As an employer, I’m always happy to employ people with no experience – for that very reason. And any savvy business owner, presented with that argument, would see it that way as well. Let what others see as your biggest disadvantage, be the advantage you have over everyone else.

Why no experience can be the best thing for you

Are you brave enough to ask the hard questions?

Last week we did something really scary. We asked our users what they didn’t like about Workible.

Yes, it’s a pretty gutsy move.

The idea came from an article I read about how engaged users can help you grow a business. It seemed like, on the surface, a great idea. Give people some vested interest in helping to create what you want and they’ll be more invested in it. Sounds reasonable. But the sceptic in myWorkible questions wondered whether they really cared or whether they’d use this opportunity to point out all of the little things they hated.

We spent quite a bit of time agonizing over exactly how we would phrase the survey to “soften any blows”. How would we phrase the questions so that we limited feeling totally ripped apart by the answers? In the middle of the conversation about just that, we decided not to. We decided we wanted the warts and all feedback.

You see, if we’ve built a product that sucks, then we want to know about it before we waste any more time going down that road. (BTW, we don’t think we have – but it’s not really our opinion that counts).

So we put together a survey giving users every opportunity to bag us out, and then held our collective breaths and pressed send.

Within a few hours we had hundreds of responses – and they kept coming in the next day and the one after. And we learnt a massive lesson.

First of all, we were absolutely thrilled with the results. Not only did we have oodles of suggestions as to how to improve, we got tons of feedback on the little things that people wanted. What surprised us more was how engaged people were in telling us how to build the product they wanted – and, amid all the suggestions, how positive they all were..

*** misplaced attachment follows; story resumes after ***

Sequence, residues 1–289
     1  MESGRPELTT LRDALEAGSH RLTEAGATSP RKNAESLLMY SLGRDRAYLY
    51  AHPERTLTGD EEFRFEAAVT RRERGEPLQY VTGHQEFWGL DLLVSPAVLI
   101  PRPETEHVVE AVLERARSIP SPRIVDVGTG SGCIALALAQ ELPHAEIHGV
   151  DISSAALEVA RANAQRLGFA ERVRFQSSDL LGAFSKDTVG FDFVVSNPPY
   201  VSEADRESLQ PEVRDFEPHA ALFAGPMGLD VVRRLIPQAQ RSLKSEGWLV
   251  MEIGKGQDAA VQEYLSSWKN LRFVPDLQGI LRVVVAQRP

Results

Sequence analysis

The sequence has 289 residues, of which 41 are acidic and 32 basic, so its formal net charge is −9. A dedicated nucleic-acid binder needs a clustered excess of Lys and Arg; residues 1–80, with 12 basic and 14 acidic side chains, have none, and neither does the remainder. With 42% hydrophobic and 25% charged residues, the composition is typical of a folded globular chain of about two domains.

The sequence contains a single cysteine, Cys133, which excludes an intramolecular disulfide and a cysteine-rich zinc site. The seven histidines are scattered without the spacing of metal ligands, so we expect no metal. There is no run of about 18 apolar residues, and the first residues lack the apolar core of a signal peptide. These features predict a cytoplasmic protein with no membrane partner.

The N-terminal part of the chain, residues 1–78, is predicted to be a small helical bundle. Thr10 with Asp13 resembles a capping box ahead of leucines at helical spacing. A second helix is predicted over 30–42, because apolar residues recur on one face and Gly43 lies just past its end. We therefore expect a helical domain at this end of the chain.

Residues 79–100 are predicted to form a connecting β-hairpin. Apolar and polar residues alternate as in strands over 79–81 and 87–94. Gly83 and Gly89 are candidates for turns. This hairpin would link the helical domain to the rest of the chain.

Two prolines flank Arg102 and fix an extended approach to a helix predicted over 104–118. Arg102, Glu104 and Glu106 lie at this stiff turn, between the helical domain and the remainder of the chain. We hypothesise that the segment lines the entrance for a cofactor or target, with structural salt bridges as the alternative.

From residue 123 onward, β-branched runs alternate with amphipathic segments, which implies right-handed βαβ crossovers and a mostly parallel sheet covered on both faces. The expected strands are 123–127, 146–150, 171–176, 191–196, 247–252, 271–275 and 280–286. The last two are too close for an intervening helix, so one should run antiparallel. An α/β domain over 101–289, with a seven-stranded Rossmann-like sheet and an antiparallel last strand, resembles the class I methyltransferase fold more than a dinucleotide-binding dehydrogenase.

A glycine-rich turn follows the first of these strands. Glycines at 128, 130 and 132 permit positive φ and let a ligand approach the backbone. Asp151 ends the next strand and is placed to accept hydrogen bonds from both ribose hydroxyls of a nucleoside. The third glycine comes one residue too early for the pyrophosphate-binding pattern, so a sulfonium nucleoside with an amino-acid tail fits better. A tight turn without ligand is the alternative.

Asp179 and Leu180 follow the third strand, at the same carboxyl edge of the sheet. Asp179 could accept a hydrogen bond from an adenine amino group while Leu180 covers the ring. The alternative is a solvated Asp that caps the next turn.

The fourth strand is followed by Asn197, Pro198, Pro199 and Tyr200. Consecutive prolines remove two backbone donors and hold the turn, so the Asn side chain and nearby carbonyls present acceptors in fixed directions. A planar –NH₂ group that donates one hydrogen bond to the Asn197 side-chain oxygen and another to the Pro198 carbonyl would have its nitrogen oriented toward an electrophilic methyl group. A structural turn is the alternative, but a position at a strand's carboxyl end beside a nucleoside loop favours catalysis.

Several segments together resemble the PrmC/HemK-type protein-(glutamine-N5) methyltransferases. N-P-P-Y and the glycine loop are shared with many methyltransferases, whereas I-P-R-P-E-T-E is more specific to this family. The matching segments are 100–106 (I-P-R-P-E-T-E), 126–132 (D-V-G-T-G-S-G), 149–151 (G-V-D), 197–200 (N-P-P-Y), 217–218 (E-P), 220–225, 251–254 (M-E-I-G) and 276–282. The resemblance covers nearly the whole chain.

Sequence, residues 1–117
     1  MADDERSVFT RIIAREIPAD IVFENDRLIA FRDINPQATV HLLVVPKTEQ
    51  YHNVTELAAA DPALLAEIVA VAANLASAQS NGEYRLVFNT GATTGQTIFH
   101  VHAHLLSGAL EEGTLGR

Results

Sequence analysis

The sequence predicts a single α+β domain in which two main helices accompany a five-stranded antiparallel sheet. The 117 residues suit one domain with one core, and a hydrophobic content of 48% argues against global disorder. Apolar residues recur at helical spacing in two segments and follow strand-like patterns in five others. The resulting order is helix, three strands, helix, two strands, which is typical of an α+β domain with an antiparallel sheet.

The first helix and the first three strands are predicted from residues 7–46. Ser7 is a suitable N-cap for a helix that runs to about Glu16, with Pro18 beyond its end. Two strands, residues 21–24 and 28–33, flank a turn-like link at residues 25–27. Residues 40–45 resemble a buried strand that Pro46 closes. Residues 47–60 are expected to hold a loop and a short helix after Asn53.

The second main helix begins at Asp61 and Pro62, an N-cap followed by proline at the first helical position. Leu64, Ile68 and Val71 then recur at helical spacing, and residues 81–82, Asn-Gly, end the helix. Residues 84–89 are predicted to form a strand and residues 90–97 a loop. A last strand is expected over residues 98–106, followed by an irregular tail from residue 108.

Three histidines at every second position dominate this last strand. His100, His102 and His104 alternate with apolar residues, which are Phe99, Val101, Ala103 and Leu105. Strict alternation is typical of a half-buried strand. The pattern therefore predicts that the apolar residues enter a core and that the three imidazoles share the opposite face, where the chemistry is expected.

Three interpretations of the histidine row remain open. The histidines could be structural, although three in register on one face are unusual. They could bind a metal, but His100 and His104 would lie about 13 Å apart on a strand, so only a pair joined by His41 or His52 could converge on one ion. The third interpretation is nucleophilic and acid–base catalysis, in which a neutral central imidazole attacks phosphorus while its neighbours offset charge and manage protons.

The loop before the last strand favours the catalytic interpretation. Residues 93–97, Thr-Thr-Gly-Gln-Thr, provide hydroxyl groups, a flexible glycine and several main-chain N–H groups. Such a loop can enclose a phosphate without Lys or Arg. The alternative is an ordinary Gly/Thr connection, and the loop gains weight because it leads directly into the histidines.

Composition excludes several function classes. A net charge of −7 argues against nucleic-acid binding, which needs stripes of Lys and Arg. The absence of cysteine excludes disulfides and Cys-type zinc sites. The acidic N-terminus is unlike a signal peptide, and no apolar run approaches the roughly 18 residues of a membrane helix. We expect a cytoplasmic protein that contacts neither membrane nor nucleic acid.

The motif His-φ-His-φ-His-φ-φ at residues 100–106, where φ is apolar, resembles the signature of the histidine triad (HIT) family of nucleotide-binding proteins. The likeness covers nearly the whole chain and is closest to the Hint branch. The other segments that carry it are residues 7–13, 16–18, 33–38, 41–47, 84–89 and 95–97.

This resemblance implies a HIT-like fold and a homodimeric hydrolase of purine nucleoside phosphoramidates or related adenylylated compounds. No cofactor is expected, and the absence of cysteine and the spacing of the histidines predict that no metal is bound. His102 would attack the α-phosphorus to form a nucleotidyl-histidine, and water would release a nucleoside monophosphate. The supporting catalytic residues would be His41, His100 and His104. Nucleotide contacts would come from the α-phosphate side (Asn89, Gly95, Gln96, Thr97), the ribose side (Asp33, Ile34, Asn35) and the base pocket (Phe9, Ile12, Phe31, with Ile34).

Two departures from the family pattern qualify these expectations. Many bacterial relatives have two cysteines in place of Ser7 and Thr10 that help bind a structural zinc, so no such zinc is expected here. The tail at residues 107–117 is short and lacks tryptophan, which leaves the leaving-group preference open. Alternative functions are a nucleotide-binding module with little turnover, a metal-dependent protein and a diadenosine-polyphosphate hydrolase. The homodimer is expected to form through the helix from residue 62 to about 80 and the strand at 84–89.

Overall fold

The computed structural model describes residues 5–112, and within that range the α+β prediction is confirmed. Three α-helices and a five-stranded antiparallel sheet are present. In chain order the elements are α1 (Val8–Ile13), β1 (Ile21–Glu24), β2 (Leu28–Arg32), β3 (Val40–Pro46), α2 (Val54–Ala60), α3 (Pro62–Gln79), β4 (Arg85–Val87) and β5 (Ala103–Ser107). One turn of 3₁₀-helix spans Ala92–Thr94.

To be honest, most of the suggestions are already in the pipeline (which is proof that we are on the right track), but we did get some extra gems as well.

Some wanted us to get in touch to help them with their profiles and applications. Some told us that they loved Workible and not to change a thing (although that wasn’t the point of this exercise.) And some of the suggestions also centered around how we should do more surveys and keep asking these questions. What a relief!

The thing is – had we never been brave enough to open ourselves up to a possible barrage of criticism, then we would have never had this insight from the very people who determine our success (or failure).

Our commitment back to each and every one of the people who answered the survey – yes, it’s time consuming but we figure it’s a great relationship builder.

Interestingly, the last question we asked was “Would you refer Workible to a friend?”. After giving them 11 different opportunities to talk about what they don’t like, we were thrilled to get over 90% of yesses.

So here’s the kicker…

Your customers, clients or users are the ones who will determine whether your business fails or succeeds – and will determine the level at which you do either. Don’t be arrogant enough to think you know what they want. Ask.

Be brave enough to take the criticism on the chin. Most people won’t so you’ll stand out for that alone.

Our exercise in asking has shown us a couple of things. One is that lots of people are willing to help you. Secondly, people do feel more engaged in a product when they can contribute to its development. And thirdly, don’t make assumptions about anything.

Are you brave enough to ask the hard questions?